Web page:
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Late-split nitrogen warranted under specific field conditions
 

By EMMA HOPKINS-O’BRIEN

LEBANON, Ind. — At a recent field day presented by the Indiana Agriculture Nutrient Alliance, Purdue University professor of agronomy Tony Vyn shared research and tips on late-split nitrogen application – when it is most beneficial, and when it will not benefit crops at all.

He described late-split application as the intentional application of a portion of the total nitrogen to be applied on a crop after the V10 stage (the corn vegetative growth stage).

“I’ve used V10 as a sort of cutoff,” Vyn explained. “If you’re after V10, you’re talking about a late-season nitrogen application. That’s the first thing, is the timing.”

Different placements with coulters, Y-drops, or urea applicators that are broadcast are also key options involved with the timing constraint, which he said is somewhere between the V10 and V14 stages in corn’s production cycle. He does not have a straightforward recommendation that applies all the time involving late-split application, but he can offer explanations of why late-split works sometimes, while it has no response other times.

Vyn explained late-split application is almost always going to be of more benefit when the majority of nitrogen is applied earlier. “The later you apply the majority of the nitrogen, the less benefit there is in terms of yield in holding the last 20 percent of application after V10,” he said.

“In a number of the studies, we are getting the optimal in terms of timing, and the majority of the nitrogen was applied in an early sidedress application – let’s say, V4 or something close to that.”

Consideration of late-split application is warranted because corn hybrids have changed significantly in terms of how much nitrogen they take up after flowering. In his recent research, Vyn and his associates found that on average, the corn hybrids experiments done around the world took up 64 pounds of nitrogen after flowering, compared to about 40 pounds years ago.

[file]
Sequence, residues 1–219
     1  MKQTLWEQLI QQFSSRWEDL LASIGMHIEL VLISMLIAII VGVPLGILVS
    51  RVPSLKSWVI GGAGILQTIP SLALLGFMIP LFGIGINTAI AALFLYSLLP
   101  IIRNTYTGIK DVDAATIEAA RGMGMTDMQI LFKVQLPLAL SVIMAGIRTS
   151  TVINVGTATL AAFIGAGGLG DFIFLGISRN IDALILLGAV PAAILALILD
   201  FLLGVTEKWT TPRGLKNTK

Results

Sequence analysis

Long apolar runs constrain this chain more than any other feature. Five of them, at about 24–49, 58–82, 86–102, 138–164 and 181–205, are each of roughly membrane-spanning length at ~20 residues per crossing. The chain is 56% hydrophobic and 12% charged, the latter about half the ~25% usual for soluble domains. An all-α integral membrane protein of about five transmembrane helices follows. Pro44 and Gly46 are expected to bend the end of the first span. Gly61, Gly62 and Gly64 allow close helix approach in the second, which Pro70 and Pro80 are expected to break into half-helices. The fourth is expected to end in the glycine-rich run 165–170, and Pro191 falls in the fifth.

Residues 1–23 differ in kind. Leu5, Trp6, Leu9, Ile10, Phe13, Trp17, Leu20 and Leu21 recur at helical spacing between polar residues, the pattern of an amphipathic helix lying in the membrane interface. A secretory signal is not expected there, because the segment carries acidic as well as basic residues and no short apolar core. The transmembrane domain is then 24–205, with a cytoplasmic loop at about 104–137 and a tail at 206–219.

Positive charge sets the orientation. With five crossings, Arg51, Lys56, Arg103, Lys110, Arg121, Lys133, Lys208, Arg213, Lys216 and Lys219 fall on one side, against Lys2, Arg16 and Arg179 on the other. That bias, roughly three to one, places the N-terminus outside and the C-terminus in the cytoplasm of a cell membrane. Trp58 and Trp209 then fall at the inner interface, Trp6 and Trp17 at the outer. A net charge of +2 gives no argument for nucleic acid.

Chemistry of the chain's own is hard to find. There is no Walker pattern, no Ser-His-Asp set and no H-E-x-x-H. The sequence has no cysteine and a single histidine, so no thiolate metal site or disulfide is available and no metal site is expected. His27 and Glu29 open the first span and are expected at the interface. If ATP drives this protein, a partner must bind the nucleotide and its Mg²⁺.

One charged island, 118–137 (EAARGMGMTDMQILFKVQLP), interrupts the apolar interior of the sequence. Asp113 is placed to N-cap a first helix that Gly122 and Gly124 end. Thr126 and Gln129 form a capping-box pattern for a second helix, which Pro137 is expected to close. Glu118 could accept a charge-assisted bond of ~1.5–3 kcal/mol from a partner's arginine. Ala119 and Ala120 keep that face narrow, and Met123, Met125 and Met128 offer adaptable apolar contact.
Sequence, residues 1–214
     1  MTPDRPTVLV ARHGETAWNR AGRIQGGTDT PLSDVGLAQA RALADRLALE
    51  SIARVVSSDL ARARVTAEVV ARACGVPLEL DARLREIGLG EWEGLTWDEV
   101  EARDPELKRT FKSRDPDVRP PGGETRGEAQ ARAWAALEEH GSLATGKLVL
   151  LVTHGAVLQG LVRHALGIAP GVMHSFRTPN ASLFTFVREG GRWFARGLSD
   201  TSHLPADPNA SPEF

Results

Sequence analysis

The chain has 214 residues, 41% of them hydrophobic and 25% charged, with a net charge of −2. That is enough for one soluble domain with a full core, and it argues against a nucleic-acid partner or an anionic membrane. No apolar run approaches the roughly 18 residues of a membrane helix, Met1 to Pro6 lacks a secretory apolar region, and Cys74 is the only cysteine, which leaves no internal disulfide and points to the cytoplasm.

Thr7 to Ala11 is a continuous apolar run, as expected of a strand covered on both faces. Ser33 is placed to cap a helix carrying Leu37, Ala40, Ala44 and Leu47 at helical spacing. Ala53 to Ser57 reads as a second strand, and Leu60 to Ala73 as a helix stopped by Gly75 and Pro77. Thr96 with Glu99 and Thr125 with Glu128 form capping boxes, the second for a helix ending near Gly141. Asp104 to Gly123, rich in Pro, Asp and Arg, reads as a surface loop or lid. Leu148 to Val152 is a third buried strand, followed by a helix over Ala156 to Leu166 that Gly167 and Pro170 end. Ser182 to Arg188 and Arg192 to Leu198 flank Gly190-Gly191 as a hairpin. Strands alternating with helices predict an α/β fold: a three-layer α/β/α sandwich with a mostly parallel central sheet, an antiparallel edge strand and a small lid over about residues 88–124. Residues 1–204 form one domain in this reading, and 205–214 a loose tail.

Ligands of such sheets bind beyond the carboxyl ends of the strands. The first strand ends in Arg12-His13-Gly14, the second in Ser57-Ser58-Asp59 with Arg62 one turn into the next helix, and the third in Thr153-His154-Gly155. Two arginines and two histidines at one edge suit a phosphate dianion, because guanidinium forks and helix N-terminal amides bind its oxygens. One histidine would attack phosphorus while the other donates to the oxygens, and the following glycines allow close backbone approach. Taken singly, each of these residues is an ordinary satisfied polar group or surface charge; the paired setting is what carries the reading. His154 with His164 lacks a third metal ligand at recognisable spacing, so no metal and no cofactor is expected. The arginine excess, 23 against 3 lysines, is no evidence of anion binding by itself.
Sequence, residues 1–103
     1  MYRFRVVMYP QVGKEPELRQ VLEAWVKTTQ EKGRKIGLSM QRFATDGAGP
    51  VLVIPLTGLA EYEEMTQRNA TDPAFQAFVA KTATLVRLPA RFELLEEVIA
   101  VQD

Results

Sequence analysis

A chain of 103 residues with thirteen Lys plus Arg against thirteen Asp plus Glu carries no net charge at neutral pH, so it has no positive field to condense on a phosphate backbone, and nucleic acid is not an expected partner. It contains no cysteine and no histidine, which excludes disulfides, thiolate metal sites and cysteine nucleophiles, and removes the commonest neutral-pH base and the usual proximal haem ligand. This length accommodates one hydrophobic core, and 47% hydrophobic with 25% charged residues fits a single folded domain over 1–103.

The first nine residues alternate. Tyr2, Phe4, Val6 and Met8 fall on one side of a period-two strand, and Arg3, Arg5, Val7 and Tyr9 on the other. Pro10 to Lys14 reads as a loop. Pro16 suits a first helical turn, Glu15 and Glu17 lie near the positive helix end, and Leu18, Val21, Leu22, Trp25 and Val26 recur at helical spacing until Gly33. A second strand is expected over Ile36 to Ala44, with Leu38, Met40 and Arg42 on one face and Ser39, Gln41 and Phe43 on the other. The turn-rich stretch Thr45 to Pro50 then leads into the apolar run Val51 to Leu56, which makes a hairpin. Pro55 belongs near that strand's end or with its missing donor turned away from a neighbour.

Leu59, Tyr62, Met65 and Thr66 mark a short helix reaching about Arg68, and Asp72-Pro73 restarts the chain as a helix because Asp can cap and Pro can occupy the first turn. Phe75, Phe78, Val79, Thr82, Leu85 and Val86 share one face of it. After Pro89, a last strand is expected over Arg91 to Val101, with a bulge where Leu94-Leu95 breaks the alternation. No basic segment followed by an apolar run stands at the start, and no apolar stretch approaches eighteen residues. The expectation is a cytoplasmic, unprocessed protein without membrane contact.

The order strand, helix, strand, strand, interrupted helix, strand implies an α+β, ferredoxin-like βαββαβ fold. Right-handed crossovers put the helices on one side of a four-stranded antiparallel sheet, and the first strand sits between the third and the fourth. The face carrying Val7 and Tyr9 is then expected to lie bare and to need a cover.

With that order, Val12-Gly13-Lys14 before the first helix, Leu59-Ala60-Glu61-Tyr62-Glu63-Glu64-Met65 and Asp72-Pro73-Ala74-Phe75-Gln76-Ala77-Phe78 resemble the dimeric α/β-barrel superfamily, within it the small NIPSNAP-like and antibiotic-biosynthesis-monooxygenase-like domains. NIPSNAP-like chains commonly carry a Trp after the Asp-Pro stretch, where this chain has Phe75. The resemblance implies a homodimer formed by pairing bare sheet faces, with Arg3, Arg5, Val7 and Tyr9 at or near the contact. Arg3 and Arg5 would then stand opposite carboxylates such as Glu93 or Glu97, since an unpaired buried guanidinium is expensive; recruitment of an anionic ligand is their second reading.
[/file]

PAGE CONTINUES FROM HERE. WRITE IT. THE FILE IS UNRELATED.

“When you begin to think of that amount of nitrogen going in after flowering, you begin to think, ‘surely we would have more benefit from a late-split application today than when our fathers and mothers did years ago.’”

In this situation, nitrogen continues to go up after flowering in V5, V10, V15, and R1. At the same time, phosphorus, zinc, and other nutrients are taken up in the post-flowering period.

Vyn said his first experience with late-split nitrogen was an initial investment with Pioneer Hybrids in 2014, a study in which he looked at hybrids ranging from 20 years old to current hybrids, using a whole range of nitrogen timings and rates.

“The focus of this was ‘how do these hybrids respond to a V12 application of Y-drops, when we’re putting on – intentionally – 40 pounds in that late V12 application?’ and this research was coordinated with the assistance of Sara Mueller, a PhD student at the time, and was later also supported by the Indiana Corn Marketing Council (ICMC),” he noted.

Vyn described an actual situation where 180 pounds of nitrogen was applied at V3 – an early sidedress – and then split-applied, putting 140 pounds at B3 and 40 at V3 and another 40 at V12. In this case, the test plot gained about 20 bushels per acre, more than could be yielded out of a single-time application of 220 pounds applied at that same sidedress time as 180.

“The impression I want you to gain from this is: The opportunity gained from a late-split is going to be less automatic in a sidedress-application program,” Vyn said. “It’s fair to say that it probably is hybrid- and weather-dependent because to some extent, it depends on how much loss occurred and the nitrogen that was applied at that sidedress time.”

The conclusion of the research, sponsored by the ICMC, was that essentially there was little, if any, yield gain associated with a late-split nitrogen application when the producer sidedress-applies their nitrogen. However, there was an opportunity with the late-split, if a producer has technology in terms of sensor equipment and leaf analysis, to skip the late-split application, and end up with the same yields with less nitrogen.

“So, one of the benefits of an intentional late-split nitrogen approach is if we can accurately decide in what condition the corn needs to be so that it would not respond anymore to further nitrogen,” Vyn said. “Then there is an opportunity to variable rate-apply less total nitrogen. so that’s what we learned in those studies, and those are continuing this year.”

 

9/11/2019